First, for the uninitiated: what is the Open Source Movement (OSM)?

The term "open source" originated in computer programming jargon. Software is made up of code. The source code is what underlies everything in a program. An open source program is one for which the programmers have made the source code publicly available, free of charge. Other programmers are largely free to mess with the code however they like, sometimes with the stipulation that they release their version of the program in an open source manner as well. The two most famous examples of open source programs are the operating system Linux and the web browser Firefox. The open source ethos has also been extended to other kinds of information like writings, music, images, and movies. Other popular open source ventures are Wikipedia, a free online encyclopedia that anyone can edit, the Creative Commons license under which many blogs are written, and the image sharing web site Flickr.

At first take, the OSM seems to have a collectivist, anti-private property tinge to it. Indeed many of its prominent adherents having something of the 60s in them. The Google founders harp on more about not being "evil" than profit models. And Tim O'Reilly, who promotes an OSM-related meme called Web 2.0, and is featured in this month's Wired, had his start as a "human consciousness" teacher in Northern California. But it's not that simple.

Consider their mode of collectivism. They do tend to favor cooperation over competition. And they favor open standards over owned standards. But that doesn't mean they're all calling for the government to enforce that cooperation and generate those standards. In fact I have yet to observe any prominent OSM pundit doing so. If a bunch of programmers across the world want to contribute their free time to building a better browser than Internet Explorer, there is nothing coercive about that. Liberty isn't about doing what you like as long as it makes a profit; it's about doing what you like, period.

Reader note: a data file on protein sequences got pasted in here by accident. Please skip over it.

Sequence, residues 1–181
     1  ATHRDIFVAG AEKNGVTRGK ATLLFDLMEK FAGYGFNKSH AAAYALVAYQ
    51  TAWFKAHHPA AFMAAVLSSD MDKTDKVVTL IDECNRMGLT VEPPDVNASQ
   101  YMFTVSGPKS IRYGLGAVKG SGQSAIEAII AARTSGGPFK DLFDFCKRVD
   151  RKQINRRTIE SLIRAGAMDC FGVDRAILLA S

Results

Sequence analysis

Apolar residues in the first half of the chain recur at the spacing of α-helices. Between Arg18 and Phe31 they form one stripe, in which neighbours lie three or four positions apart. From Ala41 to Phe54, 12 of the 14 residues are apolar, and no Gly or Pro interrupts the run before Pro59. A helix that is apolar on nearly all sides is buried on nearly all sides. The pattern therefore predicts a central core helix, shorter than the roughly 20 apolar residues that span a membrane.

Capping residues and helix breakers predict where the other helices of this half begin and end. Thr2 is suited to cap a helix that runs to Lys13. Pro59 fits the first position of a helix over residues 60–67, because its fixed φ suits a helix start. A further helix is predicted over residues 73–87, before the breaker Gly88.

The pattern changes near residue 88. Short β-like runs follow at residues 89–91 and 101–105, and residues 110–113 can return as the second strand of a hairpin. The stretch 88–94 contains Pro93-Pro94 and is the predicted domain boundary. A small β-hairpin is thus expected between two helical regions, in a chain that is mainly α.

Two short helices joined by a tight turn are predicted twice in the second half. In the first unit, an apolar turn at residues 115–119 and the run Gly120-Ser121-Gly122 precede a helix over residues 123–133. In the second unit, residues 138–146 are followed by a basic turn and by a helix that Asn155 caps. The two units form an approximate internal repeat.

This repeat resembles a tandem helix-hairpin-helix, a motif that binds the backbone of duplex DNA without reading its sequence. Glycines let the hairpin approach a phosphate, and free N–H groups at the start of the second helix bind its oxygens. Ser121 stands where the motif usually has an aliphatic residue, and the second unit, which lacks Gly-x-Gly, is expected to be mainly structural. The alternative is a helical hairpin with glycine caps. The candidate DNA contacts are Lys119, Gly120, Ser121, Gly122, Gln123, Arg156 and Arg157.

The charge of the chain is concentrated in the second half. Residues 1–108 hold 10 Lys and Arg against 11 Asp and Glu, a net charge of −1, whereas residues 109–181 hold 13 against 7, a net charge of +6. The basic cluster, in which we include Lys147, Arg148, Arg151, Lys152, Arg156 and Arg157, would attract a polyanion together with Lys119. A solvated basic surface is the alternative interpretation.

Now consider their seeming stance against private property. Let's be straight that we're not talking about knocking over record stores, because they should be open source. We're talking about intellectual property. And more than a few libertarians think intellectual property is a completely artificial and unnecessary construction. My rule of thumb when deciding if liberty has been transgressed or not is violence. Can one really make a strong claim that getting paid for covering someone else's song without paying royalties is actually committing violence against the original artist? We have to be careful about extending the definition of violence too far to justify government action, because that is exactly what statists do when they define "labor exploitation" and "inequality" as forms of violence. Other libertarians encompass deceit in their set of justifications for government action. Under this conception, it should be illegal to pass off someone else's work as your own, thereby justifying intellectual property. But I think non-governmental systems of accountability, utilizing reputation and non-coercive rating agencies would naturally arise to combat such abuse, if governments would just get out of the way. Moreover, I think because consumers really don't want to get ripped off, there would be such a strong market demand for these systems, that the innovation stimulated by that demand would bring about accountability mechanisms much more rigorous than the unresponsive, inefficient government watchdogs we have now.

So on the whole, the Open Source Movement is much more friend than foe to liberty. And it makes sense when you consider the generation it has sprung from. Most techies are not baby boomers (in this, the fifty-something Tim O'Reilly is quite the exception). Most techies are still in their twenties and thirties. They know that the prosperity of their times did not come from the wars on poverty and social injustice of their parents, and that it has more to do with the high tech of the 90s, and perhaps even the high finance of the 80s "me" generation.

So until the Open Source Movement starts lobbying for Firefox subsidies or demanding that Wal-Mart be considered part of the "Creative Commons", consider me an OSM supporter.